Peter Birch: Oh, I remember the song she [Jessie Matthews] sang, oh yes, we used to have a funny sort of way of recording the songs in those days; we used to do it on the set, and have the orchestra on one side, you know.
Alan Lawson: Louis Levy.
Peter Birch: Louis Levy, yes, and Bretton Byrd. And it was quite a job, you know, on a set, trying to get a decent recording with the voice and the orchestra. You know, you couldn't segregate them very easily. But we managed after a fashion.
Alan Lawson: How many mikes [sic] would you use on an orchestra then? Just the one?
Peter Birch: As a rule, one.
Alan Lawson: One, and one for the singer.
Peter Birch: Unless there was a solo section in the orchestra that you had to portray, and then you'd have an extra mike [sic] of course, and you'd have to read your music. (Birch 8)6
Evergreen situates itself at the intersection of contemporary 1930s musical idioms and state-of-the-art technological innovation while also framing itself as the descendant of a much longer tradition of British musical theatre and Edwardian music hall entertainment. The musical leitmotif of the film is the song “When You’ve got a Little Springtime in Your Heart,” which was composed especially for the film by Woods.7 Strings and high register piano lend the music a symphonic sound, whereas the horns, particularly in several off-beat horn lines after the vocals, sound more typical of jazz and swing compositions. Lawrence Napper notes that “Springtime in Your Heart,” while being a contemporary 1930s composition, “gently pastiches the Edwardian musical style” (37).8 In the final moments of Evergreen, “Springtime in Your Heart” is performed when the PR stunt is discovered, and Harriet is taken to court for fraud and impersonation. Her defense lawyer argues that she must not be tried for fraud if she can “deliver the goods,” meaning if she can prove her talent as a singer. The lawyer calls Harriet to the witness stand and sets up a phonograph (“Exhibit A”) in front of the judge and jury. He then plays a cylinder recording of Harriet’s mother, the Edwardian star Harriet Green. The recording is “Springtime in Your Heart,” and Harriet begins to sing along effortlessly to the recording in the courtroom, convincing the judge that she is the daughter of the Edwardian star as well as a talented singer in her own right. This is the film’s climactic scene which resolves the problems created by the impersonation of her mother. The film’s narrative interweaves the use of sound recording and reproduction technology, here in the shape of the phonograph, with attaining proof of Harriet’s identity and her gaining recognition as a performer in her own right. Sound recording and reproduction, on the story level, also leads to the overall resolution of the narrative. The use of the phonograph and the cylinder recording in the film raise crucial questions about the significance of sound reproduction for Evergreen. In the courtroom scene, the phonograph is placed at the centre and foreground of a medium long shot, presenting the phonograph in rack focus, and drawing the viewer’s attention to the sound reproduction device on screen.
As soon as the recording begins to play, the camera presents close-ups of the cylinder turning within the phonograph, thus filming in minute detail how the voice of the Edwardian star is released into the space of the court room. The camera here explores the technological source of the female voice by intercutting medium long shots of the courtroom, upper body shots of Harriet and the judge, along with close-ups of the phonograph.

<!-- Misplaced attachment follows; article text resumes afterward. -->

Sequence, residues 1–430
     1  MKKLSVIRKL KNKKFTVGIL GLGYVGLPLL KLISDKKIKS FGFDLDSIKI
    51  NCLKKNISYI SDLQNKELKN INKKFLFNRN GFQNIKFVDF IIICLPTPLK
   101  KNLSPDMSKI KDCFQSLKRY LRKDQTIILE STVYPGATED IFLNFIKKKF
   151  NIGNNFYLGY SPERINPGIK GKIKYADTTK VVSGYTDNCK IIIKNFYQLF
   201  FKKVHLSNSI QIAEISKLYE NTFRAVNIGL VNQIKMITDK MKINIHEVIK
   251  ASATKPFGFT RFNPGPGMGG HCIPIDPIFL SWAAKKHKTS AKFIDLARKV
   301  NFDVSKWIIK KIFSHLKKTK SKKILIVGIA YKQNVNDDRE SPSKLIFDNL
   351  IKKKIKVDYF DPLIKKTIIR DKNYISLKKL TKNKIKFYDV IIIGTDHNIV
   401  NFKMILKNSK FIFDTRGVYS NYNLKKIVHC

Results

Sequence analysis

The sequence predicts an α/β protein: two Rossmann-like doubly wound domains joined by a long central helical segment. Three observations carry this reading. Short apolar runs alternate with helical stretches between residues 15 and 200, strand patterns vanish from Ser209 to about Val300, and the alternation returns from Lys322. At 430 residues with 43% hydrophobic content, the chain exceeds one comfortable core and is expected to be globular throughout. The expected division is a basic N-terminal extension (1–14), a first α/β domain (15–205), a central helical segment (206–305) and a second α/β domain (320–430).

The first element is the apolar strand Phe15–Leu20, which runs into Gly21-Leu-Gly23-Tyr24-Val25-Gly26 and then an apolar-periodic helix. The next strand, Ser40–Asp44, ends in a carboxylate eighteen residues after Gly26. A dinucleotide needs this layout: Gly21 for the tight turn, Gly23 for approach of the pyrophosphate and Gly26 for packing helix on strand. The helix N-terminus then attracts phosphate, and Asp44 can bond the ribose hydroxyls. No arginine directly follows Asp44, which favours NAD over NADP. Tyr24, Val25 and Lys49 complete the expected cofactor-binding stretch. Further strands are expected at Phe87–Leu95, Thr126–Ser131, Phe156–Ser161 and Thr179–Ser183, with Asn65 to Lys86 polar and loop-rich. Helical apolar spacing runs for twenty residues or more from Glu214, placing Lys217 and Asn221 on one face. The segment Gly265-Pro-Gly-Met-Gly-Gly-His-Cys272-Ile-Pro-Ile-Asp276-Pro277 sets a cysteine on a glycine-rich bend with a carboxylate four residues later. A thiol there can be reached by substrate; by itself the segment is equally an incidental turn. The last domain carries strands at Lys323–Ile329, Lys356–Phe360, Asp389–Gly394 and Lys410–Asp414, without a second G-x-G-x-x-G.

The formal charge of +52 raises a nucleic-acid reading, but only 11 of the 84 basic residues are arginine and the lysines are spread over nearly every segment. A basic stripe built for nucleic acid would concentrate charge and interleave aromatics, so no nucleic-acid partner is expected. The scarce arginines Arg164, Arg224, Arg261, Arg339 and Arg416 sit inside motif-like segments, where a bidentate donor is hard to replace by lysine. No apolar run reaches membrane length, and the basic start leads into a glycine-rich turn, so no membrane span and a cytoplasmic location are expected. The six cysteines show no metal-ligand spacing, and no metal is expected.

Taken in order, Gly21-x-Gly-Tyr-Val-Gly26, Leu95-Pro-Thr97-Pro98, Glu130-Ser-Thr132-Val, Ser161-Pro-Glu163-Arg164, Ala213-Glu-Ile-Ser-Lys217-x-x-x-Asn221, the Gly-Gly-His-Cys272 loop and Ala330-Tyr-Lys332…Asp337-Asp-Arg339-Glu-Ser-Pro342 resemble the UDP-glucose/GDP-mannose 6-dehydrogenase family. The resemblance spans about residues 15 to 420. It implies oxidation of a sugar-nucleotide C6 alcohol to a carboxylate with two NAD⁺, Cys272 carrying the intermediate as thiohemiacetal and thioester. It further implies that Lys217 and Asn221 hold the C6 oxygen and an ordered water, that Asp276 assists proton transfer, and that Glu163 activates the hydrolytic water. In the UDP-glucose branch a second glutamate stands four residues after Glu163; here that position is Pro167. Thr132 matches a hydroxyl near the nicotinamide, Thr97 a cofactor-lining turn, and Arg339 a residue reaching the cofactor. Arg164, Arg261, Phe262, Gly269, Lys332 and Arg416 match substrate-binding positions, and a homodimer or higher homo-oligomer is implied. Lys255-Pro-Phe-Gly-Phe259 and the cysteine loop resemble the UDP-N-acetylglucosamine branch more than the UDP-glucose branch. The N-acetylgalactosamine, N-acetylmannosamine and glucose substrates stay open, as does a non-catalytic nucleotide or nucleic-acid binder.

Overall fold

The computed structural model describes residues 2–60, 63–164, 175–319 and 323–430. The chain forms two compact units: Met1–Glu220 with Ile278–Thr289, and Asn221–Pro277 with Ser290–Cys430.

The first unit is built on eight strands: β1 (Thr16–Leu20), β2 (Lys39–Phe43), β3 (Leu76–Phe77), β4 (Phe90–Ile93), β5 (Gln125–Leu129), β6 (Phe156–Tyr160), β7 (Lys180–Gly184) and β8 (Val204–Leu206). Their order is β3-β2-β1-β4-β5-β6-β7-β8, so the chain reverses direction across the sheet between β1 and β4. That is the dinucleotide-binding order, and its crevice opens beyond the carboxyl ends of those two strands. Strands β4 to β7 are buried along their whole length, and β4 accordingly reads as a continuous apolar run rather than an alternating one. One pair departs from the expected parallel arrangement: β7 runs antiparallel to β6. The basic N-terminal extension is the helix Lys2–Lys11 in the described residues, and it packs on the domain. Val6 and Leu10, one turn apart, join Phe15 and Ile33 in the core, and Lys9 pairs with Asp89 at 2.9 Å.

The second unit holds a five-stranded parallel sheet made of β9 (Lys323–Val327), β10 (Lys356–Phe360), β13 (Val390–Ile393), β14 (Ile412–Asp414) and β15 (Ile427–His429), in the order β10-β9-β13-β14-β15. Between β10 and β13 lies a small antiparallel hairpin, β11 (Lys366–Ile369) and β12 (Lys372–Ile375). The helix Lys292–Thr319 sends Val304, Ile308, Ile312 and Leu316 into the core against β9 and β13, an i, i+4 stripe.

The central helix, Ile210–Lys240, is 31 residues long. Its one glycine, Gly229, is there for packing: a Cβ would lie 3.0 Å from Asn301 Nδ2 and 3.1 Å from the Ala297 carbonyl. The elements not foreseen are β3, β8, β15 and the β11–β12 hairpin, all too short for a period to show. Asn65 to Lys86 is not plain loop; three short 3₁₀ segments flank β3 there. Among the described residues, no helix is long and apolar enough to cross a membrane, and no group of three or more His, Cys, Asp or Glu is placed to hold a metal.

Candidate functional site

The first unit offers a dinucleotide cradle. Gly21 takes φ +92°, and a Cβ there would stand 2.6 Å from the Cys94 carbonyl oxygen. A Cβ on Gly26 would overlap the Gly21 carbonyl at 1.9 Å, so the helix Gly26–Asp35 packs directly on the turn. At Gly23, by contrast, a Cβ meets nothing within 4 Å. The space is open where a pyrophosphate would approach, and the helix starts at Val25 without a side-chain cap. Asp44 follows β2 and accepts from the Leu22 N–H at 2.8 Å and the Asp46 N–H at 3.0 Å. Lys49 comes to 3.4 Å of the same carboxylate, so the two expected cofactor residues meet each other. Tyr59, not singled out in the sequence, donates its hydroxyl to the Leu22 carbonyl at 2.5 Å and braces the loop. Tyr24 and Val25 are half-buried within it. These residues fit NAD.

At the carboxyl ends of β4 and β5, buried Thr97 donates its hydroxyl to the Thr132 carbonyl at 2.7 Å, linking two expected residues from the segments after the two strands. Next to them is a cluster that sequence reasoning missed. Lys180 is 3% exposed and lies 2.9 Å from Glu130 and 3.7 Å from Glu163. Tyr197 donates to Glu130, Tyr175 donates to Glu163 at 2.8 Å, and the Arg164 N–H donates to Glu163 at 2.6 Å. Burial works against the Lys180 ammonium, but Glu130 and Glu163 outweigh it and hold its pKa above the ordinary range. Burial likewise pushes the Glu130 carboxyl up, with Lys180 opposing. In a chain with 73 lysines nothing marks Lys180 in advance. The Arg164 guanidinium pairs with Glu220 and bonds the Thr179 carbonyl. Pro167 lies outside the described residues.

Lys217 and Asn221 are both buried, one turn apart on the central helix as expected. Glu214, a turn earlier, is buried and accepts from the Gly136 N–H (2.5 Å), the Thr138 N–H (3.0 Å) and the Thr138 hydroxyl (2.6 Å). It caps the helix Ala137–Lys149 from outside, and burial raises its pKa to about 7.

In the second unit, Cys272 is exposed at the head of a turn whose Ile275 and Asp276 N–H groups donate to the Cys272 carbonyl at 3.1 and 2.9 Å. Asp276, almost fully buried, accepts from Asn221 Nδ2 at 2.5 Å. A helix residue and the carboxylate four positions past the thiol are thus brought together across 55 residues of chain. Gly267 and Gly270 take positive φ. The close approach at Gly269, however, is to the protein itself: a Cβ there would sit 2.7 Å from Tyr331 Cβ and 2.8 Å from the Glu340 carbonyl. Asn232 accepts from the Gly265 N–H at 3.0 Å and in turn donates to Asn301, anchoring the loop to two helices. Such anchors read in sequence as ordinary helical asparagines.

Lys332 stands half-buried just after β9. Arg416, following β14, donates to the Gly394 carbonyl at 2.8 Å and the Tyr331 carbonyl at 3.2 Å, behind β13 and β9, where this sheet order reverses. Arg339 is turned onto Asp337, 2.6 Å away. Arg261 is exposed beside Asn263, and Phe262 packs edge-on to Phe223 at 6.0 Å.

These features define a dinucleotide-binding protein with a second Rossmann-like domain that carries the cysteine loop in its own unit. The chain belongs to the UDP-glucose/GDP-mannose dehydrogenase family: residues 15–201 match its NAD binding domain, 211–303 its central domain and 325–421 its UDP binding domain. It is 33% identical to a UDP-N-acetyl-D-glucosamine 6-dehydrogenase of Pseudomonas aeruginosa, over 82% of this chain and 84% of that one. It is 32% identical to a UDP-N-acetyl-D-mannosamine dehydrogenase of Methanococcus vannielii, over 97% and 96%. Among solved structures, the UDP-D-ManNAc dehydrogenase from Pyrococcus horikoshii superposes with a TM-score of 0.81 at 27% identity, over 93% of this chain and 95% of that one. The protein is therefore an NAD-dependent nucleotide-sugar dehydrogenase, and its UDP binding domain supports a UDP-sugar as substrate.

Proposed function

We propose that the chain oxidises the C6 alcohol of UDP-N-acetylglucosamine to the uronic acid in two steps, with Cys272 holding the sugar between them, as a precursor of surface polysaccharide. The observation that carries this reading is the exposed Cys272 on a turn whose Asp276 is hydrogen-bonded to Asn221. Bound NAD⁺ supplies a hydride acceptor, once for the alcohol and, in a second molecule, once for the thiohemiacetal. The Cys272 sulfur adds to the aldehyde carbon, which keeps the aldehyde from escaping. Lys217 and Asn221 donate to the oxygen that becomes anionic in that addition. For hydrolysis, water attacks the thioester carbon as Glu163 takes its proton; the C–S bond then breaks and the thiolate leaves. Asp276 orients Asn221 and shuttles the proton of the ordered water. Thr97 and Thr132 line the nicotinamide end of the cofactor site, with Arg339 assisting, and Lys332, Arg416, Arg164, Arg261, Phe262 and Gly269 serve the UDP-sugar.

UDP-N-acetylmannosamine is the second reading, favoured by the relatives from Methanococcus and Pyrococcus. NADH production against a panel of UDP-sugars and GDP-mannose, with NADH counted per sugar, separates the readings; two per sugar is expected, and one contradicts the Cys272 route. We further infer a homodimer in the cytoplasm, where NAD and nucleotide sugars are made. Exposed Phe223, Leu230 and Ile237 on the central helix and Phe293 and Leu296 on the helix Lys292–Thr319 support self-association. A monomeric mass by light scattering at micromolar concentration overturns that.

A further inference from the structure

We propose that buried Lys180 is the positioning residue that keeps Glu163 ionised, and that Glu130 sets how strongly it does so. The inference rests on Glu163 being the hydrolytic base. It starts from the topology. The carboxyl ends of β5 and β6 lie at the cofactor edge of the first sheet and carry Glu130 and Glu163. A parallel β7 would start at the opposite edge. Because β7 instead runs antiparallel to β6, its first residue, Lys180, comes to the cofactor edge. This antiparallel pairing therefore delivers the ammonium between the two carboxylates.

Through cross-cutting between the phonograph and Harriet, the film also links the “live” performance in the courtroom with the “recorded” performance of Harriet’s mother. As both female voices fill the courtroom, seemingly merging with each other, the film also establishes the close relationship between live performance and recording, asserting sound technology’s capacity to reproduce the voice in a way that does not compromise intelligibility, fidelity, and vocal range. Evergreen does not obscure or conceal its representational strategies, but self-reflexively reveals its representational and technological operations by making sound reproduction a key part of the film’s narrative conclusion. The film insists that the case against Harriet can only be resolved via the technological mediation of sound. The law itself permits it. Harriet’s defense lawyer quotes the fictional case of “Smith versus Smith in 1914” to prove to the judge the admissibility of sonic evidence.9 The use of the phonograph in the courtroom scene further underscores the film’s pastiche fantasy of the past. Thomas Edison invented the phonograph in 1877 and Emil Berliner developed the rivaling gramophone with its flat disk record in 1887. By the early 1930s, the phonograph with its cylinder recordings had been largely displaced by the gramophone since Berliner’s flat disk records could be reproduced more easily for a mass market. In 1929, Edison ceased production of cylinder records, and the phonograph subsequently became associated with outmoded strategies of sound reproduction technology.10 Featuring the phonograph in the courtroom scene in Evergreen emphasizes the fictional historicity of the Edwardian music hall recording that is presented as a piece of evidence. The phonograph and the cylinder record evoke nostalgia for an outdated form of music reproduction technology and create a cinematic fantasy of the recent past for contemporary 1930s audiences. The past materializes in the shape of the phonograph, which provides a visual cue for 1930s audiences to underscore the alleged historicity of the pseudo-Edwardian song “Springtime in Your Heart.” Evergreen thus mobilizes sound throughout the film to convey a historical fantasy that merges Edwardian music hall traditions and contemporary 1930s musical entertainment while simultaneously capitalizing on advances in sound technology that allow it to faithfully reproduce Matthews’ vocal range.